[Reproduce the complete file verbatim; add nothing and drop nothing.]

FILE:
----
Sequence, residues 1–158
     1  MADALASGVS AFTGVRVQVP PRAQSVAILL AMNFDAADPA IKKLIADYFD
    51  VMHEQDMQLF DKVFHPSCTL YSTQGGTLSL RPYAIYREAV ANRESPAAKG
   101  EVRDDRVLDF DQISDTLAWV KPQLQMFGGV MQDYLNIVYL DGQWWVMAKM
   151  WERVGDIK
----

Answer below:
Sequence, residues 1–158
     1  MADALASGVS AFTGVRVQVP PRAQSVAILL AMNFDAADPA IKKLIADYFD
    51  VMHEQDMQLF DKVFHPSCTL YSTQGGTLSL RPYAIYREAV ANRESPAAKG
   101  EVRDDRVLDF DQISDTLAWV KPQLQMFGGV MQDYLNIVYL DGQWWVMAKM
   151  WERVGDIK